• Shawn, one reason for the bass comments, was that it was my major instrument, and I am still active in playing the solo literature (I can no longer play orchestrally-details best not discussed).  You are right in that it is very easy for a bad bass section (and sometimes even a good one) to sound muddy.  I can think of orchestration books that comment along the lines that the sound of it "soon palls the ear" as one author put it. 

    Shawn, in general, I don't think I would use AS as an underpinning - I tend to think more traditionally in terms of orchestral sound.  I could see layering AP strings I and II though for times when a real lush sound would be nice.

    The orchestra II bass has the needed bow articulations, while AS really does present challenges in that regard, hence the issue.  I also agree that "getting both" is the best answer, but that is simply not an option.  I have played with the AS patches in SE extended, and really would find it useful primarily in larger works - the basic orchestra strings sound is much more traditional, and closer to what I normally excect to hear (but then, I was used to a close perspective as a player).

    Mosso, your point is well taken.  For my interests, I often do not use some of the alternatives you mention, but I do use a wide variety of bowstrokes.  I could survive with AP, as it generally has enough for what I do, if not ideally what I would prefer.  The problem is how best to emulate different sized ensembles with limited purchasing resources, hence the original question regarding the value of each library.

    Thank you to both of you for your comments.

    Any other opinions or comments?

  • noldar, maybe you can help me, as the bass is your main instrument:

    I have the idea, that orchestral bass parts are more often played detache, and if there is a desired legato, in many cases it will be faked, just because of the shorter bow-length.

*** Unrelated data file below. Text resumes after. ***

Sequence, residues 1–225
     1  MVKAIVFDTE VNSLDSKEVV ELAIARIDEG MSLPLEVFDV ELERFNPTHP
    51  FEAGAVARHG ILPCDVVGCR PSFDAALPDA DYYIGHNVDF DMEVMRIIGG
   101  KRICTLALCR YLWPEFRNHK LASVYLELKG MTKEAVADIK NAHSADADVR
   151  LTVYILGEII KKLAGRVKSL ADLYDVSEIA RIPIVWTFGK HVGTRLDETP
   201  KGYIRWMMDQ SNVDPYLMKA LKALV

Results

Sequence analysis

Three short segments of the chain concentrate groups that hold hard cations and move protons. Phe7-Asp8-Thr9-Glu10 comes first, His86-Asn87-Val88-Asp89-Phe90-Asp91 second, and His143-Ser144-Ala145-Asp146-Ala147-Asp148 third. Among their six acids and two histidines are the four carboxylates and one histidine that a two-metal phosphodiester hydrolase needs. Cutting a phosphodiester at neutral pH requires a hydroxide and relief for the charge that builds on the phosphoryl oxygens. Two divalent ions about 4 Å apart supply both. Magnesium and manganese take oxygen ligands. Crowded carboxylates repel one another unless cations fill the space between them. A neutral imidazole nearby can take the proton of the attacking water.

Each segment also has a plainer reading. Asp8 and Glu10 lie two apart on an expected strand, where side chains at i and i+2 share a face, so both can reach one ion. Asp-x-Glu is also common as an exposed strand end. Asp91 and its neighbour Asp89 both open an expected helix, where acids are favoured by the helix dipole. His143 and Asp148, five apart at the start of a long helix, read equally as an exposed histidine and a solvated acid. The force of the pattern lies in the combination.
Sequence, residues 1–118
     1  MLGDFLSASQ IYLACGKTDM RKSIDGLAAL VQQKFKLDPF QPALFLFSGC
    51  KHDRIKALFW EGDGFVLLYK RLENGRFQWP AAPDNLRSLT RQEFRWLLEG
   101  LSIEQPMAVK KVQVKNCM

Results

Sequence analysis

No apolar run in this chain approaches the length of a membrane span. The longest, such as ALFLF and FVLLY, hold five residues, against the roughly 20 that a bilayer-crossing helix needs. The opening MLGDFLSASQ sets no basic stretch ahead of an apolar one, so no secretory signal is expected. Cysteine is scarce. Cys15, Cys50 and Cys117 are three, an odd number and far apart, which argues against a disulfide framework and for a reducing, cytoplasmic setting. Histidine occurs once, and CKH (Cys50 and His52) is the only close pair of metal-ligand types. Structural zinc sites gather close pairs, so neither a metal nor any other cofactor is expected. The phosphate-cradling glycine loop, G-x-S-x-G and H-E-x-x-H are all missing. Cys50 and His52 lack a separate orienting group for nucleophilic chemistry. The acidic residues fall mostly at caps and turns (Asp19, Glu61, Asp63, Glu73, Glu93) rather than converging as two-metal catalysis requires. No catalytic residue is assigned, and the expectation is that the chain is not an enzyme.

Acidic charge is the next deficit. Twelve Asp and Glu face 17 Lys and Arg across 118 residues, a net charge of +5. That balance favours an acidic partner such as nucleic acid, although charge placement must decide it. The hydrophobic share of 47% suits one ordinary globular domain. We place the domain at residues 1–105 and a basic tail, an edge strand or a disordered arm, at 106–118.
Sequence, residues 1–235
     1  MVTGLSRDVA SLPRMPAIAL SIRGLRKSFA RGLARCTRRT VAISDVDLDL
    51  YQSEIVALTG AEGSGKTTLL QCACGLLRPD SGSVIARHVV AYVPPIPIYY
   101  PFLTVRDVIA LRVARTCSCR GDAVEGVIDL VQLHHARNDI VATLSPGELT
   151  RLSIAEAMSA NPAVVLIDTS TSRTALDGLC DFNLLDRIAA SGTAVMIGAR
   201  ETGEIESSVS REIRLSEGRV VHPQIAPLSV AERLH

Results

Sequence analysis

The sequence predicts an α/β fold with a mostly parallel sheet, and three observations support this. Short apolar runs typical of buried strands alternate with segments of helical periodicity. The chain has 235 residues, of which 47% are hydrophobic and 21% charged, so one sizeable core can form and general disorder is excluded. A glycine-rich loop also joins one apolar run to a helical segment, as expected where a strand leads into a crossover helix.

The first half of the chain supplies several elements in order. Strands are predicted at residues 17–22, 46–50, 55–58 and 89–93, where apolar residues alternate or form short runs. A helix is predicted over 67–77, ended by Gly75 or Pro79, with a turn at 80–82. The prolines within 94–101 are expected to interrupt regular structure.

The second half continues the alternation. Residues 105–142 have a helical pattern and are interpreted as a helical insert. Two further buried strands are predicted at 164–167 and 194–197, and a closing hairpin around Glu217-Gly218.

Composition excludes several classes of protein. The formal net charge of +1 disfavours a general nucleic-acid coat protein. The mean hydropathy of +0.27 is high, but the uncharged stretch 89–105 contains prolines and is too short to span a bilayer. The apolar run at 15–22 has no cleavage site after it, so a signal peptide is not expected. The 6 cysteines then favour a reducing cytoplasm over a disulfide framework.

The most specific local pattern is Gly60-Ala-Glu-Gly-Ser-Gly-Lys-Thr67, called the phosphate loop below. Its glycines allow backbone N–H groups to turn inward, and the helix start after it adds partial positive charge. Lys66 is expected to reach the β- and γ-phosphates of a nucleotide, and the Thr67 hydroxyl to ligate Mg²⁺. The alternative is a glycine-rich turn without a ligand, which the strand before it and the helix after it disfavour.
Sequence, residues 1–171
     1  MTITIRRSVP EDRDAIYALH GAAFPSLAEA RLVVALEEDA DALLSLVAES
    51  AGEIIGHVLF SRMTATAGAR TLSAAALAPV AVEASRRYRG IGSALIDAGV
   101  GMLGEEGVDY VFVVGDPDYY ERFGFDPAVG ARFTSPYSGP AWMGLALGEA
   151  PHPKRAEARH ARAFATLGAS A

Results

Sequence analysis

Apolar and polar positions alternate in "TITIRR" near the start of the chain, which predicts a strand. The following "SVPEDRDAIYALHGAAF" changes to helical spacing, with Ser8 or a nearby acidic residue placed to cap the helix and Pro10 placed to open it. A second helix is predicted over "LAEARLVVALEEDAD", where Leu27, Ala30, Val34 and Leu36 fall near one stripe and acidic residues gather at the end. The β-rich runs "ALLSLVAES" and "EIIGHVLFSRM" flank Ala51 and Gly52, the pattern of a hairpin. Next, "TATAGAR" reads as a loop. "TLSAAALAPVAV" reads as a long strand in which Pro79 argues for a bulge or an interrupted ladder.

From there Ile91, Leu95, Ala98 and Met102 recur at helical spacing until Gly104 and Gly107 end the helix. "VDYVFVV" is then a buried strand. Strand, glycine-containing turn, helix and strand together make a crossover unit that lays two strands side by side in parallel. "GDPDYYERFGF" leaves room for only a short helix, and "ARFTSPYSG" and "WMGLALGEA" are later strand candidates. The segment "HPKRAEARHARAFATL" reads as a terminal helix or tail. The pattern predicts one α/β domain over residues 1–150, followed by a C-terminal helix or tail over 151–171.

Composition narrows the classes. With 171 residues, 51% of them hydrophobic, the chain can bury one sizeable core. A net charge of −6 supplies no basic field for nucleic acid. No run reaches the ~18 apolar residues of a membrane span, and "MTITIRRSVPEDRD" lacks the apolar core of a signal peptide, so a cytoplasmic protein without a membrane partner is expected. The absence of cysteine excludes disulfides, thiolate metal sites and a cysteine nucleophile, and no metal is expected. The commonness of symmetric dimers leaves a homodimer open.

Thus considering - please correct me if I'm terribly wrong - the absence of a legato articulartion could be less of a problem, especially as you own the complete solo strings, and could layer a solo bass with a legato patch under the AP-Bass-section.

  • MassMover, that is a good question.  You are certainly right that the bass bow is shorter than other instruments (it has to be-a stronger, sturdier bow is required due to the thickness of the strings and the pressure required to get them to speak), and that shorter length does somewhat limit legato technique (as does the greater physical distances between the notes). 

    But, that does not mean that legato is not used - it is absolutely a required technique in order to play much of the standard orchestral literature.  Composers generally tended to either write interesting bass parts (Beethoven/Brahms/Mahler/R. Strauss for example) or largely ignored the instrument (Aaron Copland-at least the few pieces of his I ever played-for example).  As for samples, anytime slurred notes are desired, legato would technically be required.  Legato is therefore vital when considering emulation of traditional orchestral writing.  It is nevertheless true that in general far more demands are made in terms of legato techniques with the cello section than the bass section.